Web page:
Camera is sort of a mystery, sort of a suspense. Add a touch of literary fiction. The book has possibilities. Yet oddly enough the blurb on the back of the book gives away too much information. There is no real climax, no a-ha moment, no sense of resolution. I felt like I knew exactly what the plot was from page one and was waiting for some sort of surprise to tell me more. But the surprise never came. The outcome was exactly what the blurb on the back of the book said it would be.
Needless to say, the book revolves around cameras and photographers. Both the character in the present - an unhappy, antisocial woman who has inherited her uncle's estate - and the character in the past - a young Swedish photographer living in turn-of-the-century London - are photographers. Liffner has an interesting way of describing her scenes, often incorporating excruciating detail which is not always related to the plot. But her descriptions read like visual photographs. I don't know if that makes much sense, but I got the impression of a picture with the way she used her descriptive talents. In that regard alone, Camera was a remarkably fascinating book.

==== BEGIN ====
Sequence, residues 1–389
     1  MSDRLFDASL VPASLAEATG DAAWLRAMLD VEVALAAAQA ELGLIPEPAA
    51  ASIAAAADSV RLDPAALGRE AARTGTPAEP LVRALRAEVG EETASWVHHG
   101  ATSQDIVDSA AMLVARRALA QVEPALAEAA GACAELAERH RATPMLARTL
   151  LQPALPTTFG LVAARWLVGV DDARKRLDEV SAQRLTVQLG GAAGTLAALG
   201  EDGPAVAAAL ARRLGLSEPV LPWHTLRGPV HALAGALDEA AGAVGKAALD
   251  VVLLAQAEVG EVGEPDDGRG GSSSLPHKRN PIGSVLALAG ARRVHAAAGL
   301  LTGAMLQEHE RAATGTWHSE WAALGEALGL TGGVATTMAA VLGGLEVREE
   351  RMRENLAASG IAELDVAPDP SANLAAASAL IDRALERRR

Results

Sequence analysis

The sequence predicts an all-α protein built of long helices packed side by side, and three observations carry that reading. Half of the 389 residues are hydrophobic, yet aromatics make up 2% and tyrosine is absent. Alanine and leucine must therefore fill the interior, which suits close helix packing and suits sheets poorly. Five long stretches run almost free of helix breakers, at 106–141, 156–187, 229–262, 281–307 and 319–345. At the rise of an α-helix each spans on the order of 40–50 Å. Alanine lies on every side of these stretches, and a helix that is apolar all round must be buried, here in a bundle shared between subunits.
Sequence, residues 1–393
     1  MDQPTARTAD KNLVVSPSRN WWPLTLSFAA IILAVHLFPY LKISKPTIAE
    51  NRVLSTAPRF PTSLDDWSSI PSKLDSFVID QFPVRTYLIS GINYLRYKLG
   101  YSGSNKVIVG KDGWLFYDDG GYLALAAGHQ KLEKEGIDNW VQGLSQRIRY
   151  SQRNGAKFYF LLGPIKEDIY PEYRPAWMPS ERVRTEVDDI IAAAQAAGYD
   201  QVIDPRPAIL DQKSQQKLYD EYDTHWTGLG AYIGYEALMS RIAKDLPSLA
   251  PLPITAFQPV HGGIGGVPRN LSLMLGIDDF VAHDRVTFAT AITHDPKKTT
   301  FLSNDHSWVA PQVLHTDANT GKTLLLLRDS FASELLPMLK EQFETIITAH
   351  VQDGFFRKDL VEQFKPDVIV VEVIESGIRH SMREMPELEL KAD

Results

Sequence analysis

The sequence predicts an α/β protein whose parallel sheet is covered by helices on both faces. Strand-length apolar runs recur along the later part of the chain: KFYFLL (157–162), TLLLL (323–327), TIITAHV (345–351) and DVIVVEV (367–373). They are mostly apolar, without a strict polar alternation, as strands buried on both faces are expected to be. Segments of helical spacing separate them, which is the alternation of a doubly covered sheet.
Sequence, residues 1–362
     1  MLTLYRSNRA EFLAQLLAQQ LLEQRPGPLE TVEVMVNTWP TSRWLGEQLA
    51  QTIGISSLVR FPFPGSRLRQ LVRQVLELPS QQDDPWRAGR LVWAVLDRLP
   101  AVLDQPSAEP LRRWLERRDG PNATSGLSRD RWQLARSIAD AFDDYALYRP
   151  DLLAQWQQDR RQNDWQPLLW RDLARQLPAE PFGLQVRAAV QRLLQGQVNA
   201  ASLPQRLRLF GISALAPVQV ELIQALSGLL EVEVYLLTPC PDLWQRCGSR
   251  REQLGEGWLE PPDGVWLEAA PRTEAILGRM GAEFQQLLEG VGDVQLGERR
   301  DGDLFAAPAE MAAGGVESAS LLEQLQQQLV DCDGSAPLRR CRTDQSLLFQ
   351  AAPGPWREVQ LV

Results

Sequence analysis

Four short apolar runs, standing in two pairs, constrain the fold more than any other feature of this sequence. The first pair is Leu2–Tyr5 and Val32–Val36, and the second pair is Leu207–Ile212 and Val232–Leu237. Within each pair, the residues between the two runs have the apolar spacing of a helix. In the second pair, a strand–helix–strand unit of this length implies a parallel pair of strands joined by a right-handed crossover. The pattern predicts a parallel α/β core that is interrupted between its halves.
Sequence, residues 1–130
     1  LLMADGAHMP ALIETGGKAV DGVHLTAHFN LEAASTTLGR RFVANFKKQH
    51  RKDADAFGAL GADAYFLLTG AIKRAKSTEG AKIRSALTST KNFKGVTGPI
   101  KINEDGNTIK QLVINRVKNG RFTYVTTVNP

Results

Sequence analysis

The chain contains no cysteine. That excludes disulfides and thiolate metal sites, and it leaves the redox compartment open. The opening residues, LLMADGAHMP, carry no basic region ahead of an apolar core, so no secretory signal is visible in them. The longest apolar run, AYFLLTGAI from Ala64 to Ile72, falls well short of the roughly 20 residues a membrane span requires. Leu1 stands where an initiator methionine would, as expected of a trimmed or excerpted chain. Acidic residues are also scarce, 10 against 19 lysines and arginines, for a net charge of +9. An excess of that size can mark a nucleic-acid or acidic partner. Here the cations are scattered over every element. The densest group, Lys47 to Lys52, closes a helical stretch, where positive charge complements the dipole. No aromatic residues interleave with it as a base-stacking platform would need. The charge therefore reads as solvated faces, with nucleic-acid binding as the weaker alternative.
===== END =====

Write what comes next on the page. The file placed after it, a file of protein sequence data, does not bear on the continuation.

Camera is translated from the Swedish. I have not read many Swedish books but I know of a couple of other Swedish authors besides Liffner and I have this to say: The Swedish are dark people.